Heartburn is a painful burning feeling in your chest or throat. It happens when stomach acid backs up into your esophagus, the tube that carries food from your mouth to your stomach.
If you have heartburn more than twice a week, you may have GERD. But you can have GERD without having heartburn.
Pregnancy, certain foods, alcohol, and some medications can bring on heartburn. Treating heartburn is important because over time reflux can damage the esophagus.
Over-the-counter medicines may help. If the heartburn continues, you may need prescription medicines or surgery.
If you have other symptoms such as crushing chest pain, it could be a heart attack. Get help immediately.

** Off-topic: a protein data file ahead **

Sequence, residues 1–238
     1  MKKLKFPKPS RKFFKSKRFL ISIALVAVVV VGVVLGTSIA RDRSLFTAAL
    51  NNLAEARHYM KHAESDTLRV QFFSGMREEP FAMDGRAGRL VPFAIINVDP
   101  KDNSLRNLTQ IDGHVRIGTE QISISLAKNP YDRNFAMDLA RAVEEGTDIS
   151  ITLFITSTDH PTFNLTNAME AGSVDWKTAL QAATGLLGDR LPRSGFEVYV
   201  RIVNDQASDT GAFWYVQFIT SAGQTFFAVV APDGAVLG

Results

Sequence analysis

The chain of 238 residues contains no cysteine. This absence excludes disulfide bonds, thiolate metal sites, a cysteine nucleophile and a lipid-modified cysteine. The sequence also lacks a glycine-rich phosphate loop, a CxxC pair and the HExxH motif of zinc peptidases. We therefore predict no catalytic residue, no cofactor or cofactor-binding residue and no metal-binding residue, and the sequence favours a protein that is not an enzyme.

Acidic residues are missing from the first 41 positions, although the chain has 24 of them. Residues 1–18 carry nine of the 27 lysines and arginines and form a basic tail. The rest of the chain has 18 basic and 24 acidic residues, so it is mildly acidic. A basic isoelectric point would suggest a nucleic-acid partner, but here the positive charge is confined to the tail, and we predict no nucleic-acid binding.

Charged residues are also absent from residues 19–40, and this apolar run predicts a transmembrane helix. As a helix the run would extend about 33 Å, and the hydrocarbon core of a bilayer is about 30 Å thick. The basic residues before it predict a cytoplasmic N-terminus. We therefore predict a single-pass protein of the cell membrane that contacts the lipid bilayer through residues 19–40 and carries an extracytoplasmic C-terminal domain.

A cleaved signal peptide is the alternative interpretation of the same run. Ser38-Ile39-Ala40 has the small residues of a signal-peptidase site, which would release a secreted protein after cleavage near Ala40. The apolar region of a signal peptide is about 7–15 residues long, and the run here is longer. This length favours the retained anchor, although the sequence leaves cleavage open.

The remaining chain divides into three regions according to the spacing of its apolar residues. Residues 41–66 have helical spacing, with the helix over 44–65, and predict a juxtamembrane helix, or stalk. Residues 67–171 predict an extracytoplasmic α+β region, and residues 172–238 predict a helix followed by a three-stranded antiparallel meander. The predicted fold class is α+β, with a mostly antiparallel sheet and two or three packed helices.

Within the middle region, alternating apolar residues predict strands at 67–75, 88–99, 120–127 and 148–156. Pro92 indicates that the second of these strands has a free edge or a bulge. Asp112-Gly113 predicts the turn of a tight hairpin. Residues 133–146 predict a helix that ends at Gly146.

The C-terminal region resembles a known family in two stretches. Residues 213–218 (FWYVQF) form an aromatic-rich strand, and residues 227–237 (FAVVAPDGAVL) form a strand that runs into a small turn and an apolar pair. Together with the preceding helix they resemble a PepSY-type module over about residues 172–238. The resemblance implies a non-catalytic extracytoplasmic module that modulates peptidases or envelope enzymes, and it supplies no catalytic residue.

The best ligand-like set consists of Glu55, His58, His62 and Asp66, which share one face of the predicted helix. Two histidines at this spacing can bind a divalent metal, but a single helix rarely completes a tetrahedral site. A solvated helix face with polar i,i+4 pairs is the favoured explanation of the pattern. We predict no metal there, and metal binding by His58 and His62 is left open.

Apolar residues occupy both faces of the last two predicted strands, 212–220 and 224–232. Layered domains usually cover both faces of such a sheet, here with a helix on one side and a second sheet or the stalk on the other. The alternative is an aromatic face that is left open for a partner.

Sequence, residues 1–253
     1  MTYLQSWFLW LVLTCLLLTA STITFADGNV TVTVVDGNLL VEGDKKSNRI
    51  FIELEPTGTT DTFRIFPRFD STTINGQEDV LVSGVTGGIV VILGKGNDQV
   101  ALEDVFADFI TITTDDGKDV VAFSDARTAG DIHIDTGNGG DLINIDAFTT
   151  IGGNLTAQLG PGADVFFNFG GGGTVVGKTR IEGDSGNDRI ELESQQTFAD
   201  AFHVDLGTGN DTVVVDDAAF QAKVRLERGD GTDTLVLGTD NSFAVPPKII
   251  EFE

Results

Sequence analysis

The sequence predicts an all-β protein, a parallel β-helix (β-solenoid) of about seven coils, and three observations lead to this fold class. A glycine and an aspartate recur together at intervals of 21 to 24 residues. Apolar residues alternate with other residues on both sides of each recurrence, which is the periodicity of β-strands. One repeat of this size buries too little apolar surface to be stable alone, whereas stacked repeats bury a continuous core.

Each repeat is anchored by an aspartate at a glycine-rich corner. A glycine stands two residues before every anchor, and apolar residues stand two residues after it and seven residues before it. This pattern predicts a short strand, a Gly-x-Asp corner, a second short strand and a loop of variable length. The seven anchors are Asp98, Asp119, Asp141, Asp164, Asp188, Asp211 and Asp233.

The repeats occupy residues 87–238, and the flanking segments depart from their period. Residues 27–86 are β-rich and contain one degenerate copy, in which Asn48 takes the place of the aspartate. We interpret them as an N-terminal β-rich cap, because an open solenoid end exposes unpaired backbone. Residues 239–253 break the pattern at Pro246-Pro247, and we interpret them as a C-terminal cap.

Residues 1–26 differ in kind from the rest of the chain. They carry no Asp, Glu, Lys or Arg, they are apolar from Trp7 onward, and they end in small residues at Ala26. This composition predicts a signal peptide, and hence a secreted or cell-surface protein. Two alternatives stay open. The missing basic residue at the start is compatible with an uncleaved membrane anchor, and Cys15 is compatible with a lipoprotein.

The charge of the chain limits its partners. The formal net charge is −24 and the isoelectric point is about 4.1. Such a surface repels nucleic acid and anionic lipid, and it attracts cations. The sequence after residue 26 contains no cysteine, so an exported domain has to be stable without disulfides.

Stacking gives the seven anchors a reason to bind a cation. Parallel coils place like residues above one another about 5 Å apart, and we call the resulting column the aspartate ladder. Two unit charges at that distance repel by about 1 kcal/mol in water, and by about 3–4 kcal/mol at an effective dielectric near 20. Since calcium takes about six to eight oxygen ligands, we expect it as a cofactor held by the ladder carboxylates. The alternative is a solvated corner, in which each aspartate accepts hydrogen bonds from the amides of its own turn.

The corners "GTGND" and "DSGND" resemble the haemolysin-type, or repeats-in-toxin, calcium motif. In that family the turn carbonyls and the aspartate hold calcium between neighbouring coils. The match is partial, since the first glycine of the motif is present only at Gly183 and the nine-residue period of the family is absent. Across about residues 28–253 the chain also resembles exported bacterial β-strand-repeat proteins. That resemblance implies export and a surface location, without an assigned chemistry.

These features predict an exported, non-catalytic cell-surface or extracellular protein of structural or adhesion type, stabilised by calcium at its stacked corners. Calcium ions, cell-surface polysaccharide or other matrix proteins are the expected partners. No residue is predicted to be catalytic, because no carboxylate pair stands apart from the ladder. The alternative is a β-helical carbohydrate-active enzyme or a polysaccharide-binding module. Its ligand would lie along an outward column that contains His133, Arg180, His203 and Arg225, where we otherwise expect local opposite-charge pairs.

- Acid Reflux (American College of Gastroenterology) Also in Spanish
- Acid Reflux (GER and GERD) in Adults (National Institute of Diabetes and Digestive and Kidney Diseases) Also in Spanish
- Heartburn (American Academy of Family Physicians) Also in Spanish
- Heartburn (Mayo Foundation for Medical Education and Research) Also in Spanish
- Globus (International Foundation for Gastrointestinal Disorders)
Journal Articles References and abstracts from MEDLINE/PubMed (National Library of Medicine)
- Article: Risk Factor Profiles Can Distinguish Esophageal Adenocarcinoma From Barrett's Esophagus.
- Article: GERD for the nongastroenterologist: successful evaluation, management, and lifestyle-based symptom control.
- Article: Randomised clinical trial: oesophageal radiofrequency energy delivery versus sham for PPI-refractory...
- Heartburn -- see more articles